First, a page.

Top Stories linux
- Top 10 Uses For Linux (Even If Your Main PC Runs Windows)
- A Beginner's Guide To Encryption: What It Is And How To Set It Up
- Top 9 Apps And Services That Are More Than Meets The Eye
- How To Install The SteamOS Beta On Your Computer
- Make Your Idle Screen Useful With These Fun, Functional Screensavers
- Five Best Video Converters
SteamOS has been available for a while in a less-than-complete state, for those who want to try it out and provide feedback to the developers. But just recently, Valve has unlocked the two most in-demand features: dual-booting, and streaming. The latter can be used as your own in-house cloud gaming setup.
Last month, Valve made a rather generous offer to genuine developers of the Linux-derived Debian operating system: drop us a line and we’ll give you the entire library of Steam games free. Unsurprisingly, such a juicy offer has had its share of scam attempts, though you can rest assured that the offer is being well policed.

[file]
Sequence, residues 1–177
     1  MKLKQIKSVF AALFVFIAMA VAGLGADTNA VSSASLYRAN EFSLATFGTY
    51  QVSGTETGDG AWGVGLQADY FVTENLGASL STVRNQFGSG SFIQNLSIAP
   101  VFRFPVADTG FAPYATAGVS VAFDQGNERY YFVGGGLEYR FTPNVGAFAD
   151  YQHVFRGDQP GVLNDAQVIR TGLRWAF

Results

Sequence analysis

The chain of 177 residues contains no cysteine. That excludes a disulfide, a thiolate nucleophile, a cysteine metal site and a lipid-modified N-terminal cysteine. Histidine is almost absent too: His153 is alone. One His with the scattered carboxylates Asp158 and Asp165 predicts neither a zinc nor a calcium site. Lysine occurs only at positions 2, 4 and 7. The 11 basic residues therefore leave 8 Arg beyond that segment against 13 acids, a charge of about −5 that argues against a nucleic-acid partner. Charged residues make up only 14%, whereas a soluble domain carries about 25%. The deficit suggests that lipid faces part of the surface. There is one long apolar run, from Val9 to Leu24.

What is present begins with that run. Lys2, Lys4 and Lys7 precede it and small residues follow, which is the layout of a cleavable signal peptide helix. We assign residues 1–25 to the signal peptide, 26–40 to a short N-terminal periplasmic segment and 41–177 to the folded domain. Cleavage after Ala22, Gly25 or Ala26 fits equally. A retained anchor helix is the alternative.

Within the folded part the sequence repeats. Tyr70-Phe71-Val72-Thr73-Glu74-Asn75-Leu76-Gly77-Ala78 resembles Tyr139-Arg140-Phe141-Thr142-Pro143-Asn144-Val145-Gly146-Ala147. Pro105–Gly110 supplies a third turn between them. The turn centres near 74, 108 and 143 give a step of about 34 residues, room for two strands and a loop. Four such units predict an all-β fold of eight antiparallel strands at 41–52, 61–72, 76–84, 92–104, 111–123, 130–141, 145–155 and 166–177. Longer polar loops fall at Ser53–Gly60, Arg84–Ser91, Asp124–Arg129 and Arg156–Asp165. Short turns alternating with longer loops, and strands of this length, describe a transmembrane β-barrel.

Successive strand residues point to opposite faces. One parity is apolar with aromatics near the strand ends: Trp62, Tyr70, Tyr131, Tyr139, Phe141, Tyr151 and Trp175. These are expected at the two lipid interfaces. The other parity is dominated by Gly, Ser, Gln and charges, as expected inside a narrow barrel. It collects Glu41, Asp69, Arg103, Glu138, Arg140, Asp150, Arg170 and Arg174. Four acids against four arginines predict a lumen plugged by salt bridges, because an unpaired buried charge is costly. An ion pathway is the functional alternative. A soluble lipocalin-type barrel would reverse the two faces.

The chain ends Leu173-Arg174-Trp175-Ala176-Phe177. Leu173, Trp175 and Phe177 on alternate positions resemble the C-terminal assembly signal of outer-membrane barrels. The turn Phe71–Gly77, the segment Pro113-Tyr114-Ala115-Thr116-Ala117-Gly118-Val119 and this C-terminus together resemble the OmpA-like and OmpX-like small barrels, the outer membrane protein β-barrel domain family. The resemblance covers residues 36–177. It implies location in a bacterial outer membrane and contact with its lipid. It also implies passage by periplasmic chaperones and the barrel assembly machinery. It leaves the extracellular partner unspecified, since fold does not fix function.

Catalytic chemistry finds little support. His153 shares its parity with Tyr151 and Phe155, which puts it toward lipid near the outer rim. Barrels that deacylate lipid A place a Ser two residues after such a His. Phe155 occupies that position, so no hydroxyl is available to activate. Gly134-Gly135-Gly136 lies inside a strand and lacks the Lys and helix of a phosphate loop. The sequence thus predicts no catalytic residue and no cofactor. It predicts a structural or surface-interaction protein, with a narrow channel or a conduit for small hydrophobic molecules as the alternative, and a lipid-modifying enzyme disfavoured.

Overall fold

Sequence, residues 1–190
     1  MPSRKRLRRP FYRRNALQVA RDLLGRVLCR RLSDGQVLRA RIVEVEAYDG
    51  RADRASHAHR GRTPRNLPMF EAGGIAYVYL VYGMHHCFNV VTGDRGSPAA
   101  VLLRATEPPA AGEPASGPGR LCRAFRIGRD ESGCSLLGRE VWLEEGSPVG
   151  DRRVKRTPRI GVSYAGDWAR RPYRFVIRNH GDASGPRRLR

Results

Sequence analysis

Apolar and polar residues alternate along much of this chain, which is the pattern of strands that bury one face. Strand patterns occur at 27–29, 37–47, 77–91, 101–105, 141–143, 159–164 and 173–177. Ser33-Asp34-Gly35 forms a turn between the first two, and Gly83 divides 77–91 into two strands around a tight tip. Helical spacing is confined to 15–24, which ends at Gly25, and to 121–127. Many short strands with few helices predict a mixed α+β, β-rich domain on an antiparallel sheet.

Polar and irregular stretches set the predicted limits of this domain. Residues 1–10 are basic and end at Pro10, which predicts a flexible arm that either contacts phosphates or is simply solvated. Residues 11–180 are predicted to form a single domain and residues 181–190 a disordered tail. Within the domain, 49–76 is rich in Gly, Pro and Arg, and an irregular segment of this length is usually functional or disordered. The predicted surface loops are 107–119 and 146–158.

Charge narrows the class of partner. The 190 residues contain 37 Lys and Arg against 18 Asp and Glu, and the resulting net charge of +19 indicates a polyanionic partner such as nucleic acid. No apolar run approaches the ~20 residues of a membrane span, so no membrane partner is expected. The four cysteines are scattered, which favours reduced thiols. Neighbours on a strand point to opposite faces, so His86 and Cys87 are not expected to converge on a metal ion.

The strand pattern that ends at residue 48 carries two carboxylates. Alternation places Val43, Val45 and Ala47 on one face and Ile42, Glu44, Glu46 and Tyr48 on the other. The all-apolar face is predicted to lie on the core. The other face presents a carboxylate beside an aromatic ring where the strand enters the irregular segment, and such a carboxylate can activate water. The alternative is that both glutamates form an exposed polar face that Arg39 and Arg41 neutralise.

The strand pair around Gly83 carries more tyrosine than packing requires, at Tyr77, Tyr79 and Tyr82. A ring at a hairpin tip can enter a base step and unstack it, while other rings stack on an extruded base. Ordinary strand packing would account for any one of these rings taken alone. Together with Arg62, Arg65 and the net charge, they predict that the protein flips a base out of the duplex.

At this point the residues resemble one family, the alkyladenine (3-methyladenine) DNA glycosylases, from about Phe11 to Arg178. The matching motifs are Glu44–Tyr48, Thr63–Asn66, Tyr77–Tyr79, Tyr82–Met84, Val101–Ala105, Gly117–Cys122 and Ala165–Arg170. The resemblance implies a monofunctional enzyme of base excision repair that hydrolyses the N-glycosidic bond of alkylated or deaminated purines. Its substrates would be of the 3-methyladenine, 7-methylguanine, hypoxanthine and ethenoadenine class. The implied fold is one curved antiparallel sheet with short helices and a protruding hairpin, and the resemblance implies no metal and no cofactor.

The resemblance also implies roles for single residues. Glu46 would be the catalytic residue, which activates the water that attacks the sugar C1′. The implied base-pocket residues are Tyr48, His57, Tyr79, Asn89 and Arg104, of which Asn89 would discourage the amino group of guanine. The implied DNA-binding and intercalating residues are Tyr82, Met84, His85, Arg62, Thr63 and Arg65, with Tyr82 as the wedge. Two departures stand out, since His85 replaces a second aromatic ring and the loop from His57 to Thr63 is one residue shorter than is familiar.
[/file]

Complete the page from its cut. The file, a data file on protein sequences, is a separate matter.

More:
You probably already know you can play your favourite retro games on your computer, tablet or phone with an emulator. But emulators are good for more than just saving space in your entertainment cabinet — they can also make your games look and play better than the original systems. Here are a few ways you can modernise those old games when they’ve gotten stale.
When we first took a look at installing the SteamOS beta, it lacked important features like dual-booting and using non-NVIDIA graphics cards. The latter was solved earlier this month, and now dual-booting has arrived as well.